In the article Bioplastic classification, we learned about the definition of bioplastics and the distinction between biobased and biodegradable plastics. This article will try to explain the concept of bioplastic solutions further and dive deeper into its production, advantages and disadvantages, applications, and end-of-life of bioplastics.
Global production of bioplastic
While global production of plastics amounts to a staggering 367 million tons annually, bioplastic solutions have only recently made their way into the market. Despite the increased environmental awareness, bioplastic still accounts for only about 0.6% (2.1 million tons) of total plastic production. However, the production of bioplastics is expected to experience steady growth to about 2.9 million tons in 2025. About 44.5% of all bioplastics produced are exclusively biobased, with the remainder composed of various types of biodegradable plastics that can be either fossil-based or bio-based. Starch blends have the largest share (21.3 %), followed by polylactic acid (PLA) (13.9 %) and polybutylene adipate terephthalate (PBAT) (13.4 %), which are mainly used in packaging applications.
Advantages and disadvantages of bioplastic solutions
Bioplastic solutions have significant advantages over conventional plastics in the sense that they reduce greenhouse gas emissions and the depletion of fossil resources. As such, bioplastics contribute to our ambitious goal of becoming a carbon-neutral society, not dependant on fossil resources. Unfortunately, bioplastics may also have worse environmental impacts than conventional plastics in some aspects due to the intense use of fertilizers in the cultivation of renewable raw materials used for bio-based plastic production. Therefore, comparing the environmental impact of conventional and bioplastic solutions is not a completely black and white story but instead depends on which environmental impact we consider to be more important.
An important advantage of biodegradable plastics is their ability to be broken down into non-harmful compounds, reducing the damage caused by plastics when they are unintentionally released into the environment. Even though the damage is significantly reduced because biodegradable plastics decompose much faster than conventional plastics, it is still a relatively slow process, so care must be taken to dispose of plastic waste responsibly. Biodegradability is also a helpful feature in various biomedical applications, where they are used for the controlled release of drugs and various therapeutic devices, such as implants and scaffolds for tissue engineering. While non-biodegradable bio-based plastics have similar physical properties to their fossil-based counterparts, the physical properties of biodegradable plastics are generally inferior compared to conventional plastics.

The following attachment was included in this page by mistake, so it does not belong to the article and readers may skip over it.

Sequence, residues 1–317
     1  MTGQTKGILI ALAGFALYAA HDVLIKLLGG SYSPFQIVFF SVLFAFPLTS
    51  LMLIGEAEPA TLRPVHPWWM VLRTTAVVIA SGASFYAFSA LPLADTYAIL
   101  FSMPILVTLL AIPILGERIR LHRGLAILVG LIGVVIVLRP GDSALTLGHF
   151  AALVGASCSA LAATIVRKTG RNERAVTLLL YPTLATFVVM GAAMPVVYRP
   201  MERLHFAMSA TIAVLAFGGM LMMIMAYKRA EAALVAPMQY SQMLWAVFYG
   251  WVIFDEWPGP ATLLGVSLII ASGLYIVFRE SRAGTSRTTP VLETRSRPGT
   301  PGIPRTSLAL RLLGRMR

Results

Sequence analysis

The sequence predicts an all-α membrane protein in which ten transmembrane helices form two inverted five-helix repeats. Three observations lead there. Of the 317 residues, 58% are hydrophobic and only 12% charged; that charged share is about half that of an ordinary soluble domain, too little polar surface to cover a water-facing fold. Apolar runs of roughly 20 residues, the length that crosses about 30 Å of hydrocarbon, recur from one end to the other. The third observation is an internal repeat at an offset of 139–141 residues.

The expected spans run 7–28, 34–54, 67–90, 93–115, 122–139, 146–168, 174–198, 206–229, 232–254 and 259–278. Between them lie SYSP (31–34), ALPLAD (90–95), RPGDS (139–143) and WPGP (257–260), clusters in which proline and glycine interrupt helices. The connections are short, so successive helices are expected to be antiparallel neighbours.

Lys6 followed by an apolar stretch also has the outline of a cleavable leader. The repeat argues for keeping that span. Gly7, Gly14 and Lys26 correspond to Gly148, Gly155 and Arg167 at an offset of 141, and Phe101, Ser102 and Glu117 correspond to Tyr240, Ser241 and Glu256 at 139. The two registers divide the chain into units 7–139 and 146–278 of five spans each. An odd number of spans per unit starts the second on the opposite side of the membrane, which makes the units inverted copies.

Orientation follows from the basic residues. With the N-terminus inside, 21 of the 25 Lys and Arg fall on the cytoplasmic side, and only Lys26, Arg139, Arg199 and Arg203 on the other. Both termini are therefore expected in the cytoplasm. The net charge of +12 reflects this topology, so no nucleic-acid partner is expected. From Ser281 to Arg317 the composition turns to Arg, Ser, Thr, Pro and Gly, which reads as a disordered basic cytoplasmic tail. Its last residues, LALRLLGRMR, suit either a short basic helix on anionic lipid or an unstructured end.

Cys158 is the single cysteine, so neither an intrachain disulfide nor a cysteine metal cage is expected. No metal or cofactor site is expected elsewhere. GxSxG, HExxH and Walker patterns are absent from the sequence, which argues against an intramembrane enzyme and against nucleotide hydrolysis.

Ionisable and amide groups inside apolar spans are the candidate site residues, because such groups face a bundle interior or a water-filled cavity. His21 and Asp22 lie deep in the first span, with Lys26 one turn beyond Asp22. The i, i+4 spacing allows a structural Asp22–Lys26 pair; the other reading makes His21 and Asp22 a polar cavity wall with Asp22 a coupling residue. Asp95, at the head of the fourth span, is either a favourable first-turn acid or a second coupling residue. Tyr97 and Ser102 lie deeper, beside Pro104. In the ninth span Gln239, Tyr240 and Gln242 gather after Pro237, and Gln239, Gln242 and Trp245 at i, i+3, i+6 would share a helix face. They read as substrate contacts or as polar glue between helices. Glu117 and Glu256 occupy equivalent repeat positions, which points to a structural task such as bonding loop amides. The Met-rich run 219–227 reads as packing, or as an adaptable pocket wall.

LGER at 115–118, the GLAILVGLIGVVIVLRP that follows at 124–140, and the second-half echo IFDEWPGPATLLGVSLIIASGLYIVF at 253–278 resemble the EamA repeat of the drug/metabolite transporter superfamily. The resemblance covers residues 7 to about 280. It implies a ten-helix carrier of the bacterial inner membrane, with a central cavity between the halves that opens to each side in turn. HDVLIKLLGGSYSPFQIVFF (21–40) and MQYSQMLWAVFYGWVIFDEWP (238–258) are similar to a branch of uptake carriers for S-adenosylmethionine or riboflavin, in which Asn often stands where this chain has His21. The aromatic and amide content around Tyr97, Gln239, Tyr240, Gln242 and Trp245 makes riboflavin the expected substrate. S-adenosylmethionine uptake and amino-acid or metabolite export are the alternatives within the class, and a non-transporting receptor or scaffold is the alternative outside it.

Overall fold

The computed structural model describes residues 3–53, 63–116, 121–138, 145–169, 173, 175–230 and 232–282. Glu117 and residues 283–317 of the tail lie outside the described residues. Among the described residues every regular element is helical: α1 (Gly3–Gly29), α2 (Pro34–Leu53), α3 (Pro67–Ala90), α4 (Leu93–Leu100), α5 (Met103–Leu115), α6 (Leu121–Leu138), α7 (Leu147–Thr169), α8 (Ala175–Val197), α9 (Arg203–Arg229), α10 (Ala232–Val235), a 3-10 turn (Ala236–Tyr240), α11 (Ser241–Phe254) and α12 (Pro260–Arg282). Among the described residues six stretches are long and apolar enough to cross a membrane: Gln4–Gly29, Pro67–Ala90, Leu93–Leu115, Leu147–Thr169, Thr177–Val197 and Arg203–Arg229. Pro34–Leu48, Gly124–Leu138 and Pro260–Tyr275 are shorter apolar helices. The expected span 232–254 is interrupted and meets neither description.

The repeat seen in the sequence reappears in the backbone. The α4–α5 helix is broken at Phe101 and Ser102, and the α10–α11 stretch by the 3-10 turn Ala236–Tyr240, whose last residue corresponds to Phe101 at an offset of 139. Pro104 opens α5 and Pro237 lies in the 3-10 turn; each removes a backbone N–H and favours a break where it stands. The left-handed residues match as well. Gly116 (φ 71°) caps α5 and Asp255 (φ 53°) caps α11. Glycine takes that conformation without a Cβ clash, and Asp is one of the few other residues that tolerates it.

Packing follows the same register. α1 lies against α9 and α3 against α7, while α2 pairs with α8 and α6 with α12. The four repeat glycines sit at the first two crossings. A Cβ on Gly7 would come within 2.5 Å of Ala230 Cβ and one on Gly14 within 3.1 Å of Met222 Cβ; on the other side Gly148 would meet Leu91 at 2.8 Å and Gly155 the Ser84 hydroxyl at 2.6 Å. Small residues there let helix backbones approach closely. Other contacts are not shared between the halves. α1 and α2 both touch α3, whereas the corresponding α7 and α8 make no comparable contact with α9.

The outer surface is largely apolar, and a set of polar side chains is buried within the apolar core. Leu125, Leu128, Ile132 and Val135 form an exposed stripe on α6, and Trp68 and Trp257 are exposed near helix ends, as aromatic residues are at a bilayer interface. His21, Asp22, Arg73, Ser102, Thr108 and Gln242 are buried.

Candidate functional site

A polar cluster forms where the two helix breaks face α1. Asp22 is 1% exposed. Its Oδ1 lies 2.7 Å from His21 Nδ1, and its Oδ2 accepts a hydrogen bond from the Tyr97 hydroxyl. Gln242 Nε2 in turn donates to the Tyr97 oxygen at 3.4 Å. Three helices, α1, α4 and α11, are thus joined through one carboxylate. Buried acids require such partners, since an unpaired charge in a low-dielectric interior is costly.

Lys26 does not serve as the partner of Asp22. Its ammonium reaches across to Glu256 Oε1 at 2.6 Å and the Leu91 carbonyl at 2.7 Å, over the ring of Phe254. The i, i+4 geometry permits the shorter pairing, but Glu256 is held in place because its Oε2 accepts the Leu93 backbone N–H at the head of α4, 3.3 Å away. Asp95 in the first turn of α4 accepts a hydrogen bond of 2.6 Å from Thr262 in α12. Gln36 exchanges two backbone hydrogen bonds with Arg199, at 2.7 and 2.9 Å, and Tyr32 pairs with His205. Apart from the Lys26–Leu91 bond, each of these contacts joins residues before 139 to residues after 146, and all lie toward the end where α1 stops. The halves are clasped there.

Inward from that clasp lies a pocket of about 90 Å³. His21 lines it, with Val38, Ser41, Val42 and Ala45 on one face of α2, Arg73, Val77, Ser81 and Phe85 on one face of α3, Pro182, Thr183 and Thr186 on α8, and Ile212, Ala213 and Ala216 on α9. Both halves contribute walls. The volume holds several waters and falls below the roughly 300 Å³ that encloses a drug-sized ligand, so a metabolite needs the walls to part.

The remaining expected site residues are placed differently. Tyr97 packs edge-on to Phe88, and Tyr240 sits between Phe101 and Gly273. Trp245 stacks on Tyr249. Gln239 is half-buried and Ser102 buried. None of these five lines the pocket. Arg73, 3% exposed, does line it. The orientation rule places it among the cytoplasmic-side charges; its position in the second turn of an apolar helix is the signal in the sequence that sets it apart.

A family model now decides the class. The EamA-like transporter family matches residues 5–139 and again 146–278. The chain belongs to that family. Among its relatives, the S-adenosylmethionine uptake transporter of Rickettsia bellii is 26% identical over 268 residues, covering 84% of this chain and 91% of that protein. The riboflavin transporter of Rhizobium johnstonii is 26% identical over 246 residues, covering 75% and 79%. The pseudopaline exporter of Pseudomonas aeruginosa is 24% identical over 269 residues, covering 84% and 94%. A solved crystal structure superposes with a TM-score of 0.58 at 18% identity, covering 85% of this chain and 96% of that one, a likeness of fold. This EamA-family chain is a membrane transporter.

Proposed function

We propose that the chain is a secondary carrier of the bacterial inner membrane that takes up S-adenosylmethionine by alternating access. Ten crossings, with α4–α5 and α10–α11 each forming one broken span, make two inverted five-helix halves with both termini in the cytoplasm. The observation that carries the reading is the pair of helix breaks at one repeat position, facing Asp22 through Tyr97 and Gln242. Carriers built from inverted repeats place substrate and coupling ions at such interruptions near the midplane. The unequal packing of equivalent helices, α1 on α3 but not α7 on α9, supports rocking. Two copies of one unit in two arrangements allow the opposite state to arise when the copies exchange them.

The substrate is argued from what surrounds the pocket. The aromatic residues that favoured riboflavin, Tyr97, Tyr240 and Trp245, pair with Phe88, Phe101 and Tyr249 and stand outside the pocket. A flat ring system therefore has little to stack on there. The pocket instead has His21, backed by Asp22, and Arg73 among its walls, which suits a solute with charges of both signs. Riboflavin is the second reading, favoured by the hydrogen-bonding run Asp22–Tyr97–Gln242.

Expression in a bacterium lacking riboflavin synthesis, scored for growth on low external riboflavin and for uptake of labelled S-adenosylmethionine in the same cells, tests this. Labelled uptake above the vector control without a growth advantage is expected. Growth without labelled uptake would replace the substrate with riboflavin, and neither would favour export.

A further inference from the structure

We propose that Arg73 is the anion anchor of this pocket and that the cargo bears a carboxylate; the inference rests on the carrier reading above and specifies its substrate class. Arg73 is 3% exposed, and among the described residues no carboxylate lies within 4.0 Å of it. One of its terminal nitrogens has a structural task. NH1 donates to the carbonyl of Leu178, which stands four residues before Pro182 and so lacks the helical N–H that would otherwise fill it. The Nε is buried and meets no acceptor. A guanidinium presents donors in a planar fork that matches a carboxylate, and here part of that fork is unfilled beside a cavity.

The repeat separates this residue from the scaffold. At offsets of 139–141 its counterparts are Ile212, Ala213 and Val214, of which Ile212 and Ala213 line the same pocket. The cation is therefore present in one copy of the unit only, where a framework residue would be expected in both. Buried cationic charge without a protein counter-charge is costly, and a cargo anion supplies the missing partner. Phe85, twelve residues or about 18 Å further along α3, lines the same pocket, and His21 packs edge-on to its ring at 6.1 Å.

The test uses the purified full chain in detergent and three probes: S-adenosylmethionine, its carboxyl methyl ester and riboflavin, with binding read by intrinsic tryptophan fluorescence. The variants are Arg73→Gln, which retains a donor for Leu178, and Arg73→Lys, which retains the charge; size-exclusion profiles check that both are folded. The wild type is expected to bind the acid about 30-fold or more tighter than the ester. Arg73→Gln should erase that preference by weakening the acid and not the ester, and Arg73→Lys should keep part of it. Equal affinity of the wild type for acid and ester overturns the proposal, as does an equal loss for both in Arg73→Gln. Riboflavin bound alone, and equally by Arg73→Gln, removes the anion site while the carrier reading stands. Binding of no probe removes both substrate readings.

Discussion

Applications of bioplastic solutions
Bioplastics solutions are being used in an increasingly wide range of applications, from packaging, agriculture, consumer goods, textiles, buildings, furniture, electronics, medical, transportation, and other segments. The largest share of bioplastics applications can be found in packaging, where more than 53 % of all bioplastics produced are used. While both bio-based and biodegradable plastics are used in most of the above applications, their market segmentation differs significantly. Biodegradable plastics are predominantly used in packaging applications, while bio-based plastics have a comparatively larger share in the production of various durable goods.
End of life
Efficient waste management is essential to achieve resource efficiency and meet the goals of the circular economy. A large proportion of non-biodegradable biobased plastics such as polyethylene and polyethylene terephthalate can be efficiently mechanically recycled in already established recycling streams, as these types of plastics have the same composition as their fossil-based counterparts. Other types of bioplastics can also be mechanically recycled but suffer from the lack of established recycling streams as they are produced in small quantities. In case biobased plastics cannot be reused or recycled, they can be used as a renewable energy resource through various waste-to-energy technologies.
Biodegradable plastics can be subjected to a biodegradation process. With the help of microorganisms, they first break down into smaller parts, then into monomers and finally into biomass, carbon dioxide and water.
Biodegradation provides an additional waste treatment option that is particularly useful in bioplastic solutions such as compostable biowaste bags, food packaging, and cutlery. These products can be disposed of with organic waste and turned into valuable compost in industrial composting facilities.